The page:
Eva Hesse Addendum: Exploring materiality and emerging technologies

Tamar Maor, Dr. Angelica Bartoletti, and Dr. Bronwyn Ormsby


The third case study for the NANORESTART research project at Tate focuses on Eva Hesse, Addendum (1967), a sculpture made of rope and papier mâché. The project aims to address cleaning challenges by exploring the use of newly developed gels synthesized using nanotechnology. The first phase focused on material characterisation and analysis in combination with historical research to help understand the context of the materials Hesse used for this sculpture. Analysis using FTIR, EDX, microscopy, pyrolysis GCMS, and UV fluorescence confirmed the presence of a pEA/MMA acrylic paint throughout, with a transparent PVAc coating. The painted cotton ropes have an additional transparent pnBA/MMA coating which has degraded and yellowed. The surface of the entire sculpture has embedded surface dirt with particular soiling of the rope ends in contact with the gallery floor during display.

Research into Hesse’s use of materials with a focus on her exploration of new synthetic materials at the time she was making Addendum, will help to determine if the secondary coating on the ropes was artist applied or applied subsequent to acquisition. In 1967 Hesse attended lectures such as Polymers and Acrylic Materials as part of a wider series on Experiments in Art and Technologies. These lectures significantly influenced her practice both in terms of her material choice but also her subject matter. Although pnBA/MMA was introduced commercially in 1967, given Hesse’s exploration of materiality it is possible she may have chosen to use this new latex-type material. The next phase was to undertake extensive cleaning tests on papier mâché and rope mock-up samples that were created using contemporary equivalents of the same materials used in Addendum. The mock-ups were also artificially soiled and aged. The surface cleaning options evaluated explored a range of commonly-used cleaning solutions, micro-emulsions, and various gel systems.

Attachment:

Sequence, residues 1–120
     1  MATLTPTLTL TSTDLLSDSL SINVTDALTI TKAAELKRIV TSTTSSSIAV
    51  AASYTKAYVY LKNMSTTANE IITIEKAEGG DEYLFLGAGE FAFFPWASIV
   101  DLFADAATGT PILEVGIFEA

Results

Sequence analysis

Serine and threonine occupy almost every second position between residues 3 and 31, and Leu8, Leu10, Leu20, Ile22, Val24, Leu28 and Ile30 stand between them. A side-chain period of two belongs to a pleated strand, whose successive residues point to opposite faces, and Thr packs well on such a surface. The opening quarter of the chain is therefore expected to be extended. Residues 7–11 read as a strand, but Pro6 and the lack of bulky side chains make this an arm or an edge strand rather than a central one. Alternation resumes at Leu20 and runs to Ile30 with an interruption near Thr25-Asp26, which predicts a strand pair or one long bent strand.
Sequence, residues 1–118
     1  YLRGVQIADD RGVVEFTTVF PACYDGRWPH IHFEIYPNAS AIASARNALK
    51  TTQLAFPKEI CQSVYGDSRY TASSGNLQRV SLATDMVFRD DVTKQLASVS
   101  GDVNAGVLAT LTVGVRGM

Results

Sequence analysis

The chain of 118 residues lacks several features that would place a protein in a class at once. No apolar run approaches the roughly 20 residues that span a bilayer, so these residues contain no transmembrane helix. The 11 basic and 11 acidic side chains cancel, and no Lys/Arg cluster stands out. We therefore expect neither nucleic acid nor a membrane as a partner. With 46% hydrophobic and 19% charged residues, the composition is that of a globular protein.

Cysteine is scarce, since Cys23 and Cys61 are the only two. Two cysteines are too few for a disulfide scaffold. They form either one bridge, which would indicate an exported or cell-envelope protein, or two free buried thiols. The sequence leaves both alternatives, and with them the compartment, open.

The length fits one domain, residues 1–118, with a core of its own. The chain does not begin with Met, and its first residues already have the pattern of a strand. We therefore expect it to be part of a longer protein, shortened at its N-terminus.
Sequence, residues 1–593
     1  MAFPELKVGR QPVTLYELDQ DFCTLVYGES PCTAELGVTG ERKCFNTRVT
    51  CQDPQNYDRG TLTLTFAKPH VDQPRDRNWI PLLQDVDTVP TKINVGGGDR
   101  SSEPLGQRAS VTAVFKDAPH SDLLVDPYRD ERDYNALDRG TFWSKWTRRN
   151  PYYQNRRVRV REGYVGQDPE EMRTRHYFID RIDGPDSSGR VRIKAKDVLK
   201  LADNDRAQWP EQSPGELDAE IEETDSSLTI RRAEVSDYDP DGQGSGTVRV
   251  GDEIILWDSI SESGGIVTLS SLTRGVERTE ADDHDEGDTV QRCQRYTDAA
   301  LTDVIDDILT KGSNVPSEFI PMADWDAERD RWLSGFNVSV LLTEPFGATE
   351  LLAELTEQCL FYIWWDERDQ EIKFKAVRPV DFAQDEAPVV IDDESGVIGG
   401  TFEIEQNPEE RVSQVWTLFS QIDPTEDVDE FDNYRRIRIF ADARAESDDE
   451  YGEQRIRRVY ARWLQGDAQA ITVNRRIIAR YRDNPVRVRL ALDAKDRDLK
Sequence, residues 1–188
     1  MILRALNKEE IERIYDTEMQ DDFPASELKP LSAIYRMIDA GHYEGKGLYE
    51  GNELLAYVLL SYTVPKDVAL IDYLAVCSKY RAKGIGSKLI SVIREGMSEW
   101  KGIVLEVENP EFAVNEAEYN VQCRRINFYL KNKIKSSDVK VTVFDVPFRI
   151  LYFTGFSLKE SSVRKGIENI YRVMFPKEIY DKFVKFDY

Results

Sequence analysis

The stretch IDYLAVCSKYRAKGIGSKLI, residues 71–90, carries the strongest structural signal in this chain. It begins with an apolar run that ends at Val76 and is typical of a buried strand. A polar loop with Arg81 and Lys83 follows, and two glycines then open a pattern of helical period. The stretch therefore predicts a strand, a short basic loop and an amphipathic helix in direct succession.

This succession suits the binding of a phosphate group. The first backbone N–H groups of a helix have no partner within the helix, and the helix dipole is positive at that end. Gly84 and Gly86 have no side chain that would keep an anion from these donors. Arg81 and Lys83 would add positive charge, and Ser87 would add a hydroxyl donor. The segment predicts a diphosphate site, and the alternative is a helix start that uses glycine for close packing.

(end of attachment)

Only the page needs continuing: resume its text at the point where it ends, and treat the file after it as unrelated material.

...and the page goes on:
These included the polyvinyl alcohol-based gels developed through the NANORESTART project, including a modified gel similar to NANORESTORE Gel® Peggy 5, tailored by CSGI specifically for this case study. Once the most appropriate strategy was fully evaluated, the sculpture underwent an extensively documented conservation treatment, where key decisions were made in conjunction with Tate’s curatorial team and relevant stakeholders. This practice-based research included a collaboration of conservators, conservation and academic scientists and art historians/curators, where the balance of information gathered aimed not only to result in the successful treatment of this significant sculpture, but to contribute to our knowledge of Hesse’s work and the refinement of new technologies which can aid in the conservation treatment of complex modern and contemporary works of art.

The Nanorestart project has received funding from the European Union’s Horizon 2020 research and innovation programme under grant agreement No 646063.

Tamar Maor, Tate, London; Angelica Bartoletti, Tate, London; Nicole Bonelli, Department of Chemistry and CSGI, University of Florence; David Chelazzi, Department of Chemistry and CSGI, University of Florence; Piero Baglioni, Department of Chemistry and CSGI, University of Florence; Bronwyn Ormsby, Tate, London.

2018 | Houston | Volume 25